Proponents of climate alarmism have long claimed that developing countries like India will be the worst affected by climate change and that they need to immediately switch to emission friendly energy sources.
But the transition to renewables is not easy and costs the government dearly. Is India pressed against the wall on climate change and agriculture? How is our climate doing on the agricultural front and how much time do we have to pull the trigger on climate?
With a population of 1.3 billion people and millions emigrating out of the country every year, India’s contribution to the global economy is significant.
Traditionally agrarian, India has become increasingly dependent on its growing industrial sector. The country’s energy sector serves as the backbone of its industries, and it derives 72 percent (2014) of its electricity from coal-plants.
That shouldn’t be a surprise, given India’s abundant coal reserves, which guarantee inexpensive and affordableelectricity to a nation where poverty is still rampant. The country is also keen on building new nuclear and hydroelectric plants.
In recent years, however, India has been heckled by the United Nations and other global institutions to reduce its dependence on coal and install more expensive—and unreliable—wind and solar energy sources.
The reason? Climate change!
In India, experts predicted an agricultural nightmare resulting from CO2-induced climate change. However, a closer inspection reveals something very different.
North and central India have had better rainfall in the past five decades than the early 20th century. Record highs in Indian cities exhibit no significant increase in the past two decades.
The country had numerous record highs in the year 2016 due to the super-El Niño phenomenon (warming of the tropical Pacific, which in turn warms air that circulates globally), which pushed temperature upwards.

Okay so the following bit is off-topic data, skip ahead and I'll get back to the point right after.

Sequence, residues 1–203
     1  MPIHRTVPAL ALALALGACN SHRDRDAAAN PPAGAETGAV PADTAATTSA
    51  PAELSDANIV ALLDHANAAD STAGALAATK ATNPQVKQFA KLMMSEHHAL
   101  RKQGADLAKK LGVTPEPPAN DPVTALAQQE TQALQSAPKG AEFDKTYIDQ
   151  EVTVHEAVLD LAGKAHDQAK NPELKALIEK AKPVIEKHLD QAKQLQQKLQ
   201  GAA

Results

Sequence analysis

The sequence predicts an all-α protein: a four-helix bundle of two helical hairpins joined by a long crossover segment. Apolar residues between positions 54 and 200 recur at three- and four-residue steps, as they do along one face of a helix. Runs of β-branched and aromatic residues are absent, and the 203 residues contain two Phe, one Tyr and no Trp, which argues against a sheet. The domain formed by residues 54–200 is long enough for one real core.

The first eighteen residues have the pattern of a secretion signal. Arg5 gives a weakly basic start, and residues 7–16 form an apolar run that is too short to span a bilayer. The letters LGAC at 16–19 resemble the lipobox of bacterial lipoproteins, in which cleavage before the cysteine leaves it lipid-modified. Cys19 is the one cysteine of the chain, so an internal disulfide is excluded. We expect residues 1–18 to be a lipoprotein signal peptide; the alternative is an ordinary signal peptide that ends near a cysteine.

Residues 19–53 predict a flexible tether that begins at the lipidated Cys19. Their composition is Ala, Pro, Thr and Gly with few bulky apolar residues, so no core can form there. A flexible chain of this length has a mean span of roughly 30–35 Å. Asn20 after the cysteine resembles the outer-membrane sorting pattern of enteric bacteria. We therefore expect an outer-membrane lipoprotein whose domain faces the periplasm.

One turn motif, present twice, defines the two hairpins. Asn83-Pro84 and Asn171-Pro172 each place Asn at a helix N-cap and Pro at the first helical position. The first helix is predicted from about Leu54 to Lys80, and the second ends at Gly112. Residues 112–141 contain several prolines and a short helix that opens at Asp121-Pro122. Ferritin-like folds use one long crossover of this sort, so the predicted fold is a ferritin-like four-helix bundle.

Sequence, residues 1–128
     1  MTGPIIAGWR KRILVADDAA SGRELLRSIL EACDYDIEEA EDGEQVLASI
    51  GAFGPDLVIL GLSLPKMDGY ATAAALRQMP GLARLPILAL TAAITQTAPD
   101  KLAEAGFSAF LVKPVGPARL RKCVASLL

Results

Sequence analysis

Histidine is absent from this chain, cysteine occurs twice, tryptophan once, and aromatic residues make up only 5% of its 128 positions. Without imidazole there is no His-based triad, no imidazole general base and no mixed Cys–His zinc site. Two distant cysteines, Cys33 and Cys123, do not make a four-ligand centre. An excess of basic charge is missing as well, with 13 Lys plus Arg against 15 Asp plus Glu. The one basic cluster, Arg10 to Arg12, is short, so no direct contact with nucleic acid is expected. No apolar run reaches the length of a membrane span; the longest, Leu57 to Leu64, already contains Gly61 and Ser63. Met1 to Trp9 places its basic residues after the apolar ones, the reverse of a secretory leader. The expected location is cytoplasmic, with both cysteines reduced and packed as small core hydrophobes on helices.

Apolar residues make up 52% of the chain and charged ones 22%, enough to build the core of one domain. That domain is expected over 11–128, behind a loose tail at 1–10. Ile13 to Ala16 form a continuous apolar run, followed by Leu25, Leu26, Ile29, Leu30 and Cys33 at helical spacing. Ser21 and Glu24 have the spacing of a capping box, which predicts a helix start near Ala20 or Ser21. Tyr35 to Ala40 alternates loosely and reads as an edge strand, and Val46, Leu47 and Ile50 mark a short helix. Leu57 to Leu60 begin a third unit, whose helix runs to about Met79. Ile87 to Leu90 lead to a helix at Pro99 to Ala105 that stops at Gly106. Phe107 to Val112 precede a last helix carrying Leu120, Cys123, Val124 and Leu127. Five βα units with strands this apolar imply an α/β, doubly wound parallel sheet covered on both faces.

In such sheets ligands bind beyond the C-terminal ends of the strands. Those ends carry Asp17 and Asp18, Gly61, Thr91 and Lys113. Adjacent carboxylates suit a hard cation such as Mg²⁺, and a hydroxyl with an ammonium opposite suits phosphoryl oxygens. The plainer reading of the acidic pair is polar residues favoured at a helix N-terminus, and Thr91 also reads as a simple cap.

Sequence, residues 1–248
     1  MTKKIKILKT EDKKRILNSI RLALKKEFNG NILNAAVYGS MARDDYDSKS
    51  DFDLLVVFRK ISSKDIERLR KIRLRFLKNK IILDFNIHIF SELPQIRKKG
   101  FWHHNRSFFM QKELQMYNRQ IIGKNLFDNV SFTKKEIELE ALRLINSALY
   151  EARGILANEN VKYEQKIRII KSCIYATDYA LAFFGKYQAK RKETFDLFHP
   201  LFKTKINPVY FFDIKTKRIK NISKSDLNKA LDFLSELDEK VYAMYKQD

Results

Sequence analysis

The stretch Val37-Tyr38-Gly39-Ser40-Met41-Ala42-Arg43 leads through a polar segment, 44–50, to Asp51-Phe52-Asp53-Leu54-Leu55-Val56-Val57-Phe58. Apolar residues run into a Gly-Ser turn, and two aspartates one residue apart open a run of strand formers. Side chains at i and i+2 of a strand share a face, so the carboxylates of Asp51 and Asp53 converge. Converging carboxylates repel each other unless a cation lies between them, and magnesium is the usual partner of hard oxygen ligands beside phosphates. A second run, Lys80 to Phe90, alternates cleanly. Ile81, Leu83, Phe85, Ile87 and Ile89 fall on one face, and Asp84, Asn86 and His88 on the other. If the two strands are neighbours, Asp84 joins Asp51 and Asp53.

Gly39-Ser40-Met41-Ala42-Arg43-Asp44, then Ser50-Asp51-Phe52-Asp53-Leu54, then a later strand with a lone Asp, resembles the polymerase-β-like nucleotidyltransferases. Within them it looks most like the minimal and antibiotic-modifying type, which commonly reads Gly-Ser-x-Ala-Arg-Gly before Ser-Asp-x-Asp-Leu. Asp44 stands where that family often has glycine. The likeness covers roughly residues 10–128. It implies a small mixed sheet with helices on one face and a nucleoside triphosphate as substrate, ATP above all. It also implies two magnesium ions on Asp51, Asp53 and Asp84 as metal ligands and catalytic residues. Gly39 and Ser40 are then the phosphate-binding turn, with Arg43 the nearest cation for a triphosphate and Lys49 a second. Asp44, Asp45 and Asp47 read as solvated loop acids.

Since then, temperature has largely remained close to the historical averages. The everyday highs during the early months of 2018 in southern India showed no marked increase from their historical average.
And it is not just India’s weather phenomena that contradict the warming mantra.
The agricultural output—despite the drought induced farmer stress and pricing issues—is a good overall indicator of the food security of the country. It won’t be long before more advanced agricultural technologies—like the drip irrigation introduction in the past—will be utilized in high stress areas.
In light of this, there is no need to panic about the collapse of our agricultural system. The state of agriculture and the pressure from climate groups should not pressurize us into adopting unfriendly energy policies.
India should not be forced to abandon its coal when its agricultural sector is actually benefitting from the climatic conditions and there has been no warming-induced increase in extreme weather events.
India’s industrial sector provides the right balance for a country that was traditionally agrarian. Policies advocated by climate alarmists put both the agricultural and the industrial sectors in danger.Developing countries like India should adopt a balanced approach to their energy sector and put their national interests ahead of foreign interests.
The views and opinions expressed in the article are those of the authors and do not necessarily reflect the official policy or position of The Tilak Chronicle and TTC Media Pvt Ltd.